IoT Security Background

The Internet of Things is here and is steadily gaining additional profile and credibility. With that comes a vastly complex IoT ecosystem. 51% of surveyed IT and business decision makers report that their organization uses IoT devices that have been created by a third party.

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Just over half (51%) of surveyed IT and business decision makers report that their organization uses IoT devices that have been created by a third party. Around three in ten use IoT devices that they create themselves (30%) or create software for use within or alongside IoT devices (28%) (sheet D4). These are amongst several other areas organizations have involvement with, showing the great variety of organizations that exist within the IoT ecosystem and suggesting that the different connections between each organization could be potentially complex.

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According to almost all (98%) of the decision makers whose organization is an IoT enabler, providing manufacturing, software, services, applications or security for IoT, their organization is doing something differently as a result of more devices becoming IoT enabled. Around six in ten (57%) are increasing their IoT security offering and more than half are innovating new business models (54%) or increasing their range of products/services (54%).

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On average, 11% of decision makers’ organizations’ IoT spend is on the security of their IoT products or services, but there is no predominant element of the IoT value chain that organizations are spending the most on.

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IoT security spending for these organizations is split, on average, across securing the data (34%), securing the connectivity (29%), securing the device (23%) and securing the application access (14%).

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Of decision makers whose organization uses IoT devices and spends on the security of their IoT products or services, a significant majority (95%) say that their organization encrypts at least some of the data that it captures or stores via IoT devices. However, fewer than three in five (57%) decision makers report that their organization encrypts all of this data, which is concerning as encrypting all IoT data should be the aim for every organization.

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Furthermore, for those using encryption, this data is not always being encrypted at every point of its journey. Worryingly, the most common point of encryption is as soon as data is captured on the IoT device, which is only reported by around six in ten (62%) decision makers. Even fewer say that their organization is encrypting data when it leaves the IoT device (51%), when it reaches the IoT service provider (34%) or when it is in the cloud (25%).

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It is a similar story when it comes to sending data via IoT devices, according to decision makers whose organization encrypts at least some of the data that they capture or store via IoT devices. Again, not all organizations are encrypting data as soon as it is captured on the IoT device (59%), when it leaves the IoT device (52%), when it reaches the IoT service provider (37%) or when it is in the cloud (25%).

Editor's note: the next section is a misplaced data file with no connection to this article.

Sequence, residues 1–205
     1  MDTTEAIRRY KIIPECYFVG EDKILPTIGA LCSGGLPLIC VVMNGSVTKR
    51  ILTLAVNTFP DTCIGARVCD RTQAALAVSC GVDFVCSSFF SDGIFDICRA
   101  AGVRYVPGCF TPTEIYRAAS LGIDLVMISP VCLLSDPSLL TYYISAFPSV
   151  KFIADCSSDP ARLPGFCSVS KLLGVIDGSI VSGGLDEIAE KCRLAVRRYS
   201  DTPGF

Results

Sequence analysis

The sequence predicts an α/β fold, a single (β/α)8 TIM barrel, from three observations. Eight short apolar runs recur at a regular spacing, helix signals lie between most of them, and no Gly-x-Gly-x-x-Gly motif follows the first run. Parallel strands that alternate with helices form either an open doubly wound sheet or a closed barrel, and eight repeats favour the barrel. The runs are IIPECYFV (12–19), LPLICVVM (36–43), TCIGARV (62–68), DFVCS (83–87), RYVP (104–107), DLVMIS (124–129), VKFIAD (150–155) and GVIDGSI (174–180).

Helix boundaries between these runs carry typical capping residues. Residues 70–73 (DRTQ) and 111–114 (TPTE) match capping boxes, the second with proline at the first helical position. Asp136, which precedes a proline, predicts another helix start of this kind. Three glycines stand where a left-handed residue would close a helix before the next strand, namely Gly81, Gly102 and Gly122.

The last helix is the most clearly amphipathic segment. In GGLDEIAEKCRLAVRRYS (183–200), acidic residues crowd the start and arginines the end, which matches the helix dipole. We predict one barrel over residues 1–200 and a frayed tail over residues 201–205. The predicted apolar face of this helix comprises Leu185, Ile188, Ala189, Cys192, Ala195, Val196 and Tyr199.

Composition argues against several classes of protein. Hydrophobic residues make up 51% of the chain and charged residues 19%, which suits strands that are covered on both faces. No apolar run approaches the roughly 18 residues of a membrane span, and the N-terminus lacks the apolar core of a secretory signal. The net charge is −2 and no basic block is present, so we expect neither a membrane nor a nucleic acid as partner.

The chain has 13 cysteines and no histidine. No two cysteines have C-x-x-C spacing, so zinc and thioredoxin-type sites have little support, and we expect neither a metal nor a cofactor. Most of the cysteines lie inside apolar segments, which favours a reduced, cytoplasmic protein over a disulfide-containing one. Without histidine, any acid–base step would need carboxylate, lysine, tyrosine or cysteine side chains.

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Cloud service providers are most commonly reported by decision makers to be currently responsible for IoT data security as soon as it is captured on the IoT device (39%) and when it is in the cloud (42%). IoT service providers are most likely to currently be responsible when data leaves the IoT device (36%), when it reaches the IoT service provider (42%) and when the IoT device receives a software update (32%).

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When it comes to who decision makers think should ideally be responsible for ensuring IoT data security, the same providers remain the most likely at the same stages. However, manufacturers of IoT enabled products increase to become equally likely for when data leaves the IoT device (34%) and when the device receives a software update (31%). IoT security specialists also become equally likely for when the device receives a software update (31%).

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The fact that more than nine in ten (94%) decision makers report that there are challenges to their organization trying to secure IoT products or devices may contribute to the confusion over responsibility and lack of complete IoT security that we have seen amongst their organizations. The most common challenge reported by decision makers is the cost of IoT implementation being high (44%). Other challenges to organizations securing IoT products or devices include the large amounts of data that are being collected (39%), ensuring that software updates are secure (32%) and a lack of external guidance/regulation on how to make them secure (30%).

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IoT security challenges are not exclusively felt by decision makers. The significant majority (93%) of consumers also think that there are challenges to trying to secure IoT products/services, including a lack of external guidance/regulation on how to do so (43%), it not being clear who is responsible (41%) and the large amounts of data being collected (41%).

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Additionally, over four in five (84%) consumers agree that the amount of data being collected via IoT makes privacy a challenge.

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And a similar proportion (81%) of decision makers say that the amount of data being collected makes security a challenge.